According to Saskia Sassen, the restructuring of cities has a new geography: on the one hand a “geography of centrality” connected with the global economy, on the other a “geography of marginality consisting of businesses, workers, and transactions that are being increasingly devalued and either subordinated or marginalized by dominant sectors.” This new marginality involves several factors: “the inevitable ‘creative destruction’ that is part of growth; losses resulting from national and international competition; insufficient quality of production factors; unemployment or surplus capacity, etc.”
Geographies of centrality and marginality can be mapped at various scales: metropolitan areas have both citadel-archipelagos and pockets of poverty (local), booming service industry zones and declining industrial sites (regional), rising global city agglomerations and neglected urban areas with little or no link to processes of globalization (global). This gives a new meaning to terms like “centrality” and “marginality,” which once stood for a duality between highly developed industrial nations and “Third World” countries: “These intensifying inequalities stand for a change in the geography of center and periphery, showing that processes of peripheralization are now taking place in what were previously considered ‘core zones,’ be it on the global, regional, or urban level. They also show that these intensifying processes of peripheralization are accompanied by a strengthening of centrality on all levels.”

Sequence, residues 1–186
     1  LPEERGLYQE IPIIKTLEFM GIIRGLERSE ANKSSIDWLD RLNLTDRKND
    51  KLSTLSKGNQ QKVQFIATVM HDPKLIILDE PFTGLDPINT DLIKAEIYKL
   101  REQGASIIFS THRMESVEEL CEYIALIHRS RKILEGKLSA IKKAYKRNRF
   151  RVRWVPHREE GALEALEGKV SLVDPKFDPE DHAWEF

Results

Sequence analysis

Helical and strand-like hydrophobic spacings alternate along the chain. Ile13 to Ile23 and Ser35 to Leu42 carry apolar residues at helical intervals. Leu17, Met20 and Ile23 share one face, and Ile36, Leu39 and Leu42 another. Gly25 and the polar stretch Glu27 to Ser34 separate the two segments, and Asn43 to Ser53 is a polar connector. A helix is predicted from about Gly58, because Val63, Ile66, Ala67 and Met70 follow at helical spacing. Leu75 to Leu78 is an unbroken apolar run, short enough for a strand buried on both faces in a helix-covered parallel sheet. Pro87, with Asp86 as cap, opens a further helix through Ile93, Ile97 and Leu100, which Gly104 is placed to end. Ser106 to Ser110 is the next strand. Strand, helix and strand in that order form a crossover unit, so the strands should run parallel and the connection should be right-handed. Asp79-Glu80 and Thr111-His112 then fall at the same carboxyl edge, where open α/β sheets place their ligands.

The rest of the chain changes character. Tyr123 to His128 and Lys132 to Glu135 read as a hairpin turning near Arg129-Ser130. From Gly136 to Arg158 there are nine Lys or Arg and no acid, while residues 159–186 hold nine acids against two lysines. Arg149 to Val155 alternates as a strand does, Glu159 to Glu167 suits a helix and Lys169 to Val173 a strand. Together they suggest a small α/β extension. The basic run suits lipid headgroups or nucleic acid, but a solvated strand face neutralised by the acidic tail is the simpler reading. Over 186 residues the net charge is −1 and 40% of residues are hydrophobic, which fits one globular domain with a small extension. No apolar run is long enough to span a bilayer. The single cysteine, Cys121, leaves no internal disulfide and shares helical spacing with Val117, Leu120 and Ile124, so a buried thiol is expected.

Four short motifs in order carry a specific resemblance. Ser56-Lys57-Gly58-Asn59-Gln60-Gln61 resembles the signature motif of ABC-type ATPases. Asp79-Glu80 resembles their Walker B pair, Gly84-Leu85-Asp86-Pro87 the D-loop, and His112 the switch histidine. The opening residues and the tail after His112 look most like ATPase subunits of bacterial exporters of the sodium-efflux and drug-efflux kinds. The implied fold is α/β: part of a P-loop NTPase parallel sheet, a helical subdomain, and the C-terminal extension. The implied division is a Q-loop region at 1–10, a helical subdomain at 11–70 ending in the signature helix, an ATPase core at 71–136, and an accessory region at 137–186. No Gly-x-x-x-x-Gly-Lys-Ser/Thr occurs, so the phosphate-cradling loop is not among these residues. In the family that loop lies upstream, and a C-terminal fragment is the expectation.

Center and periphery must therefore be conceived of and portrayed in new ways. Rather than the traditional concentric model, one must assume fragmented patterns of relations within a disparate urban fabric that is characterized by processes of both concentration and de-concentration and that possesses variously dimensioned centers and peripheries.
In many parts of the world, cities are indeed now growing differently compared with the Fordist postwar era. The familiar forms of the urban, with dominant, densely developed inner cities surrounded by rings of commercial and residential usage with decreasing density, have become less important.
Klaus Ronneberger is a freelance writer and co-curator of Plâce International: Die 73 Tage der Commune oder der lange Wellenschlag der Revolution at FFT Theater Dusseldorf. Recent publications include: Peripherie und Ungleichzeitigkeit. Pier Paolo Pasolini, Henri Lefebvre und Jacques Tati als Kritiker des fordistischen Alltags (Adocs 2015) and “1968 und die urbane Revolte,” in: Johannes Porsch, Hedwig Saxenhuber, Georg Schöllhammer (eds.): Wer war 1968? (Salzburg 2018).